I noticed this too and seriously disliked it.
in town for free camps
What a win! No question and exciting game and a great victory for our Wolverines. I saw one thing that really bothered me. In fact I've seen this consistently in the college game the past few years but it was the first time I've seen Michigan do it this year.
Just after recovering a Wisconsin fumble with slightly less than 11 minutes to go in the 1st half, Michigan ran an option play to their left. Threet fumbled the ball, Wisco recovered, but it was overturned as the guy was out of bounds. That's not what bothered me. If you look pre-snap, you'll notice that Michigan has twins right, but both WR's are on the LOS. That means that the "slot" guy is basically a tackle as he's not allowed to go out for a pass.
It seems like a simple thing. If you're running left, it doesn't really matter who's eligible right. Except, IT DOES. Some teams consistently align themselves like this to give the receivers a slightly better angle on the block. But, an asute and alert defender will recognize this and disregard the covered slot man as a receiving threat. This is can be especially damaging when a team is consistenly covering "slot" guys with LBs. The extra step or two they can cheat to the inside can make a huge difference in run support. In the past three years, I've seen this type of alignment maybe 20 times from college teams and on 19 or the 20 plays, they've run the ball. Most offenses, especially the spread option, work when the defense isn't sure what's coming. This was one time when a defender paying attention would know what's coming. I really hope we don't see this alignment again. Maybe it was just a careless mistake.
I noticed this too and seriously disliked it.
This would allow the defense to ignore the receiving threat of the slot guy. If this is a legal formation, there must be one player off the LOS who would ordinarily be on the LOS. I am having trouble picturing who this is. If both receivers are off the LOS on the other side, we have a tackle eligible situation. Is it possible to post a photo of this formation?
I can see what you guys are saying, and it might be just a mistake by one of the receivers. But as a defender, especially a college level guy, you have a lot of stuff to pay attention to, and it would be very difficult to notice this on a guy who is split out, because you would have to notice where he is as well as the other receiver. If the offense is running off plays quickly, it would be impressive for the LB to notice this, and be able to confidently adjust accordingly.
I see you are fairly new around these parts. Keep posting, you know your stuff.
I don't know the Michigan(richrod) spread offense very well, but I am pretty familiar with Navy's option attack. They run a formation similar to this, and it is usually used to get the defense in an unfamiliar alignment and/or get a numbers advantage. I believe the end on the opposite side from the covered WR then becomes eligible, and the defense must account for that. Any over alignment by the defense makes them vulnerable particularly to option plays.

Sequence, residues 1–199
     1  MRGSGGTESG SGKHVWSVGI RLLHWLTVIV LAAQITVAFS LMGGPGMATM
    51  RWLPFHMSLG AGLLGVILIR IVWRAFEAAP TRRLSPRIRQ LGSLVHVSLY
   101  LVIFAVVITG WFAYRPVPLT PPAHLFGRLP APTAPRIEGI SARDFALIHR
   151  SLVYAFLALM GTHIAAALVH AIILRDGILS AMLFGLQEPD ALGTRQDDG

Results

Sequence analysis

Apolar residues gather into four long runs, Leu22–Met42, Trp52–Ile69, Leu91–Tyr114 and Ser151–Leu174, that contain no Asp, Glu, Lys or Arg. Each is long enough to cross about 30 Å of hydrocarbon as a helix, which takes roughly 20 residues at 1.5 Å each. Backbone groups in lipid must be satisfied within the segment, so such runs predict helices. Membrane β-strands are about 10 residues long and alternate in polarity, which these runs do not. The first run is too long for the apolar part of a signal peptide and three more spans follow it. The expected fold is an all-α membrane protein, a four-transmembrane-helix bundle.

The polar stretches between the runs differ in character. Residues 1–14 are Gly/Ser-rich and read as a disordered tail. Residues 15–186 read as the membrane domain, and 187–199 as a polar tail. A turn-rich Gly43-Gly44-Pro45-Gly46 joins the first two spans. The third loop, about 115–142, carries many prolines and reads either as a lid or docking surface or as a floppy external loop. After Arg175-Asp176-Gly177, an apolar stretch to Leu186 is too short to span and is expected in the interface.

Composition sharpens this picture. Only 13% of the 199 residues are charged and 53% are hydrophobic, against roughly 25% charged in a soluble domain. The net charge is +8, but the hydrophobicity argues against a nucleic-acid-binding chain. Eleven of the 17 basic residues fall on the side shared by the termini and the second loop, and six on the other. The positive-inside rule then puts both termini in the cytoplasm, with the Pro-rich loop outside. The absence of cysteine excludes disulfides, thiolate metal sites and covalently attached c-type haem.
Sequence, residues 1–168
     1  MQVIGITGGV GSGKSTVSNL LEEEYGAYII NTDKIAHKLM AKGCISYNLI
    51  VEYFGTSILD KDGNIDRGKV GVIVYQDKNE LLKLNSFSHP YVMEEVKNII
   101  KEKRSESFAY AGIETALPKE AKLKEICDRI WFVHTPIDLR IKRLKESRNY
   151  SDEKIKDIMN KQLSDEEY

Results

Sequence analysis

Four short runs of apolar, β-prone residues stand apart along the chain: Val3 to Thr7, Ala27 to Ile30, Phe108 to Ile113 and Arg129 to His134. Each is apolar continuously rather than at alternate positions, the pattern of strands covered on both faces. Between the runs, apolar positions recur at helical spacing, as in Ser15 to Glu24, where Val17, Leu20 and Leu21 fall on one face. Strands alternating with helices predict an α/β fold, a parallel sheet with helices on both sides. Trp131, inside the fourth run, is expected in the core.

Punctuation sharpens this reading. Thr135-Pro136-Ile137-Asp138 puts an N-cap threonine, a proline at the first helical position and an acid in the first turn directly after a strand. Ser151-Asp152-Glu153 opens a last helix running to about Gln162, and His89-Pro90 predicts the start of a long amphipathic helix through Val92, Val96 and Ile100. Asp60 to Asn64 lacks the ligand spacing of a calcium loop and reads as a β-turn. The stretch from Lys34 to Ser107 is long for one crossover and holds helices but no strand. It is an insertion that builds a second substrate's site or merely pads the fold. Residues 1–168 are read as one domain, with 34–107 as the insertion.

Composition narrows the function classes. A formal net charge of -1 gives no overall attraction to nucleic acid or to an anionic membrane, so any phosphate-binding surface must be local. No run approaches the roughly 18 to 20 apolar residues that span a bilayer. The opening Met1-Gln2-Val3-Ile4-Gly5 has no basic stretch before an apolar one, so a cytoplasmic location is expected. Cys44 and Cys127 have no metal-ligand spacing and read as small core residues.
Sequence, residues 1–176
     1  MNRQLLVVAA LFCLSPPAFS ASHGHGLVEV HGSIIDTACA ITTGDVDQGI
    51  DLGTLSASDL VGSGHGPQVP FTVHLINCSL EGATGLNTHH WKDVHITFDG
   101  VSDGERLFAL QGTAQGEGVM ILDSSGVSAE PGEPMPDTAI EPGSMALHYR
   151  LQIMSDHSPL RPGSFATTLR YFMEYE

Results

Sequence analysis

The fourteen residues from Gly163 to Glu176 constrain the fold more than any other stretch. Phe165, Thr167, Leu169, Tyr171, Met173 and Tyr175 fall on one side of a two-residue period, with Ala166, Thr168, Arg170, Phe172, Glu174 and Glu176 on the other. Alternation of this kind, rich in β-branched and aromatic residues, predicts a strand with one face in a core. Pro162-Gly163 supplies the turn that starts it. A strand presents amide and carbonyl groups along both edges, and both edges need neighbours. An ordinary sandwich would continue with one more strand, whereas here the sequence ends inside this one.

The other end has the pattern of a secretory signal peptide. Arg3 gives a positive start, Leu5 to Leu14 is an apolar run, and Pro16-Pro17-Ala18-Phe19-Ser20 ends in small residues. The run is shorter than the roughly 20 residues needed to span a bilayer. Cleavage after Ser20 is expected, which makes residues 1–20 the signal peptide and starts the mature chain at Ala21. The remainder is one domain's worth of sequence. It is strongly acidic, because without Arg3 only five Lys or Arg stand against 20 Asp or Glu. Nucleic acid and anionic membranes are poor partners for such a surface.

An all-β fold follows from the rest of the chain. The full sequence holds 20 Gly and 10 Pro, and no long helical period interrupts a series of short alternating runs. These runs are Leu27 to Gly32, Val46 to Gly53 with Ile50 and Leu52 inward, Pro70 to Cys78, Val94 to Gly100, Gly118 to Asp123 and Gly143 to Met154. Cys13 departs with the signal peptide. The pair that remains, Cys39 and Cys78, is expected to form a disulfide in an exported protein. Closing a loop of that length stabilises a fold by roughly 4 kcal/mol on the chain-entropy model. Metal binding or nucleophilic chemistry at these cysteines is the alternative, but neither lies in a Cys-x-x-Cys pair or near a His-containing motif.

1) It's not illegal to have MORE than seven men on the LOS. It's only illegal to have LESS than seven men on the LOS. 2) The "end over" formation is not the world's most horrible thing. It may have been a mistake by the slot guy. As long as it's a run, it won't be a penalty. 3) Players on the field won't necessarily notice the "end over" formation because it's difficult to see. However, coaches/players on the sideline will almost always notice and relay the info to anyone who can hear, probably the nearside cornerback, safety, linebacker, etc. 4) Being "on" or "off" the LOS is really only a difference of a foot or so. When you're lined up in open space, like at the WR position, it doesn't really change the angle of your blocking. When you have to run 10 yards to crack back on a LB or whatever, that one foot makes less and less difference the farther you go. It's not like a lineman, who loses significant ground if he's too far off the ball.
if one of the outside guys moves off the line, it's an illegal formation, since there are 2 backs and no TE.
in the fiesta bowl, wvu lined up in some unbalanced formations and then would run to the weak side, they caught oklahoma cheating on it for one of the big devine runs i think.
Thanks for the pic dakotapalm - it illustrates that bsb2002 is right - that slot guy (I think it's Mathews) would have caused a penalty if he lined up in the backfield. The right tackle is actually eligible in this formation.
I suppose it tests the defense on proper alignment, but it ain't like Schilling is going out for a pass, so to me, you've basically removed one threat for which the defense must account. If you detect a flaw in the defensive alignment where they no longer have a contain as a DB flips to the strong side, then maybe your not-as-slow-as-he-looks QB can lope down the sideline for 10 yards before fumbling.